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Vézère Valley Paleolithic Caves

Hotspot of Stone Age art
From 400,000 BC

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UNESCO World Heritage Site

The Vézère Valley in the French Dordogne is world famous as a hotspot of Stone Age culture, due to its network of 150 paleolithic caves and rock shelters, of which about 30 are decorated.

Since 1979, the most important of these sites, clustered around Les Eyzies, and along a 25-km stretch of the Vézère river system from Lascaux to La Mouthe, have been designated as a UNESCO World Heritage Site.

This is listed under the title "The Prehistoric Sites and Decorated Caves of the Vézère Valley."

Why is the Vézère Valley Important?

Because its a goldmine of paleolithic art and culture.

First, the Vézère Valley has a long history of human occupation, from about 400,000 BC.

First by Homo erectus (Homo erectus tautavelensis), then by Neanderthals, and lastly by a modern variant of Homo sapiens, known as Cro-Magnons, who were named after the Vézère's Cro-Magnon rock shelter.

These occupations spanned a number of tool industries, including those of the Late Acheulean, Mousterian, Micoquien, Tayacien, Châtelperronian, Aurignacian, Gravettian, Solutrean and Magdalenian cultures.

Three of these tool cultures are named after sites in the Vézère Valley: the Mousterian (after Le Moustier), the Micoquien (after La Micoque), and Magdalenian (after Abri de la Madeleine).

As a result, archaeologists and anthropologists have gleaned huge insights from the archaeology, burials, stone tools, artifacts and domestic middens left behind.

Second, the caves and shelters of the Vézère Valley are celebrated for their remarkable collection of prehistoric art, including dramatic cave paintings, exquisite rock engravings and unique relief sculpture.

Famous Cave Art

A number of artworks found in the caves of the Vézère Valley, are widely regarded as masterpieces of their type.

Map of Paleolithic Caves and Rock Shelters Located in the Vezere Valley, Dordogne
(1) Lascaux (2) Castel-Merle (3) Le Moustier (4) Abri Cellier (5) La Madeleine (6) La Micoque (7) Laugerie-Haute (8) Laugerie-Basse (9) Grand Roc (10) La Ferrassie (11) Abri du Poisson (12) Abri Cro-Magnon (13) Abri Pataud (14) La Mouthe (15) Grotte du Sorcier (16) Bara-Bahau (17) Rouffignac (18) Font-de-Gaume (19) Les Combarelles (20) Bernifal Cave (21) Cap Blanc (22) Abri de Laussel.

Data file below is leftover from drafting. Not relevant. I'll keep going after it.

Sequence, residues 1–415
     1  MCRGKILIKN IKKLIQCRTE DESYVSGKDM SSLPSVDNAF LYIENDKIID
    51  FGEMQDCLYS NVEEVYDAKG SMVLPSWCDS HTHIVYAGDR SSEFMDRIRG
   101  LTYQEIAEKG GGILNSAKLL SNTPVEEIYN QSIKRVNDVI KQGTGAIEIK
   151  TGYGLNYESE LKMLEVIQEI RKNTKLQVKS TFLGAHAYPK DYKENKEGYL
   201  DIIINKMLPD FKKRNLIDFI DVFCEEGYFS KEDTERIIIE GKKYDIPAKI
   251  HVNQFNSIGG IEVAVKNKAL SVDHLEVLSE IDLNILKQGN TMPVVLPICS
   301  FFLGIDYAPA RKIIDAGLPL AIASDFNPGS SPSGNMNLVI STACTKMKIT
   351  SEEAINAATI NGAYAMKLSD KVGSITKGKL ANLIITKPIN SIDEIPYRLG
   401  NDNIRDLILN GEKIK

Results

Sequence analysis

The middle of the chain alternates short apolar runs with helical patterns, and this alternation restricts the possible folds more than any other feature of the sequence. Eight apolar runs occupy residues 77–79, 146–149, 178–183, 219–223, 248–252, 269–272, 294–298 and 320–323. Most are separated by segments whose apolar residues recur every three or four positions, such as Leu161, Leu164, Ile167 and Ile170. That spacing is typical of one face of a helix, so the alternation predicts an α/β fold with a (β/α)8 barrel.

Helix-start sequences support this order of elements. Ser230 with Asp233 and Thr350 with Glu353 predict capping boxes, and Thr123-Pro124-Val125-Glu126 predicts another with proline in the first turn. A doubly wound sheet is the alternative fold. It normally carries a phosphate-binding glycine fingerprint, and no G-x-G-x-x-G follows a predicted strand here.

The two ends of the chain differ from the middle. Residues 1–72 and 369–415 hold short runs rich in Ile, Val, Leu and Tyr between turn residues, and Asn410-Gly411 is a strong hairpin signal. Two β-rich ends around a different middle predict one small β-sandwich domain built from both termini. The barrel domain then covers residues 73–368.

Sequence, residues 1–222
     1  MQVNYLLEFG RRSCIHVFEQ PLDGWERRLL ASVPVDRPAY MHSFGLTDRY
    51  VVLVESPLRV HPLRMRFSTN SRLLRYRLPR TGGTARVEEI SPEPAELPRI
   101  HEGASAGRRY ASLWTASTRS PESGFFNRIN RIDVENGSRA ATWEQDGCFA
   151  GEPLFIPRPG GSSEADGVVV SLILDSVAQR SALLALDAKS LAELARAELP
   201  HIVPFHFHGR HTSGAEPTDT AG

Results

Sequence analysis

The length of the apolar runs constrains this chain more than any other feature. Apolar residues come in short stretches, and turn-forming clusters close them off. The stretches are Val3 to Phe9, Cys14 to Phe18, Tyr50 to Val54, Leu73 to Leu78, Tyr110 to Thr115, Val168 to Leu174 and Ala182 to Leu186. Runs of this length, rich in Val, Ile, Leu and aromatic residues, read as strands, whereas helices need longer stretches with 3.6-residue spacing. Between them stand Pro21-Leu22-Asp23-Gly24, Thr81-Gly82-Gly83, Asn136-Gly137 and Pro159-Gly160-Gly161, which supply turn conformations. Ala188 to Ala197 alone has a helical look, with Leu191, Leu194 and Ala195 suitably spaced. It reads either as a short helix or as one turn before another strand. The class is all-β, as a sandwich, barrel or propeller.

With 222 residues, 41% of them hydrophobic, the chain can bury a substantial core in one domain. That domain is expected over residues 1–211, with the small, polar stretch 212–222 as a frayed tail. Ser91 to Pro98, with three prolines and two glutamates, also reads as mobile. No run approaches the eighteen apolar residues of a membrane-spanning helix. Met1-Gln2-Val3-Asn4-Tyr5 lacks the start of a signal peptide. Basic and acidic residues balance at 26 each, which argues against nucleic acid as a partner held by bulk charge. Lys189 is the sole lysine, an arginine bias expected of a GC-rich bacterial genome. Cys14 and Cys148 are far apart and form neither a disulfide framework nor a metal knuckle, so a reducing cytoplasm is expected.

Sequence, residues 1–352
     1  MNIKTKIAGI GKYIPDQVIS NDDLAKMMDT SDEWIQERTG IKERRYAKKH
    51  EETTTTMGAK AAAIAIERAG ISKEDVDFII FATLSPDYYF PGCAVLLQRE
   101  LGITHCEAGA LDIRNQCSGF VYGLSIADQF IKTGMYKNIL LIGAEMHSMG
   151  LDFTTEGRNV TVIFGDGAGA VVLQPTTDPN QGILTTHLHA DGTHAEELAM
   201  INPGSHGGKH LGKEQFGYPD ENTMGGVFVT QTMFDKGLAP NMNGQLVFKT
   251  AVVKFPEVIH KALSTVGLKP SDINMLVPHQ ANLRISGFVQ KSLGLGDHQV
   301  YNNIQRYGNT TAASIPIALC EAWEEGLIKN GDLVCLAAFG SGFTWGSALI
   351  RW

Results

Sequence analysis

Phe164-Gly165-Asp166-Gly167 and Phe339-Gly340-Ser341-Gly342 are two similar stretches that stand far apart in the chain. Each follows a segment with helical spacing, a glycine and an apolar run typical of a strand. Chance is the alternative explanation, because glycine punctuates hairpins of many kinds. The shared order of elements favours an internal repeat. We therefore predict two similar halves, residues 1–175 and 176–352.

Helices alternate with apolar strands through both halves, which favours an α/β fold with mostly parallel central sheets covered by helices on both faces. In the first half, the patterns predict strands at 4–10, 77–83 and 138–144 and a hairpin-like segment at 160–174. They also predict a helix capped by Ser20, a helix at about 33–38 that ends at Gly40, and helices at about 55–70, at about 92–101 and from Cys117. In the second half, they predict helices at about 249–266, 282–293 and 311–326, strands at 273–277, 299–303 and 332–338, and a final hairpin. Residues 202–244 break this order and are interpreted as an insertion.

UNESCO Listed Caves

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Other Caves in and around the Vézère Valley

Other Hotspots of Paleolithic Culture

There are several hotspots of Stone Age cultural activity in Europe. Here are three:

Swabian Jura, Germany
The paleolithic caves here are world famous for their ivory carvings from the Aurignacian (40,000-30,000 BC). In 2017, the sites of Hohlenstein-Stadel, Bocksteinhöhle, Geissenklösterle, Hohle Fels, Sirgenstein and Vogelherd - became part of the UNESCO World Heritage Site entitled 'Caves and Ice Age Art in the Swabian Jura'.

North Coast of Spain
This region, which encompasses the Asturias, Cantabria and the Basque country, contains a world famous cluster of paleolithic caves, including Altamira, Altxerri, El Castillo, La Pasiega, and a dozen more. It forms the UNESCO World Heritage Site entitled: 'Altamira and Paleolithic Cave Art of Northern Spain'.

French Pyrenees
This region contains an important cluster of Stone Age caves, including: Gargas, Tuc d'Audoubert, Trois Frères, Bédeilhac Cave, Mas d'Azil Cave, and Niaux.

See: Prehistoric Art Timeline.


(1) UNESCO Description of Vézère Valley Sites.
(2) Lawson, Andrew J. (2012). Painted Caves: Palaeolithic Rock Art in Western Europe. Oxford University Press. p.25 ISBN 9780199698226.
(3) Clottes, J. Cave Art. (2008) Phaidon. ISBN 978-0-7148-5723-7.

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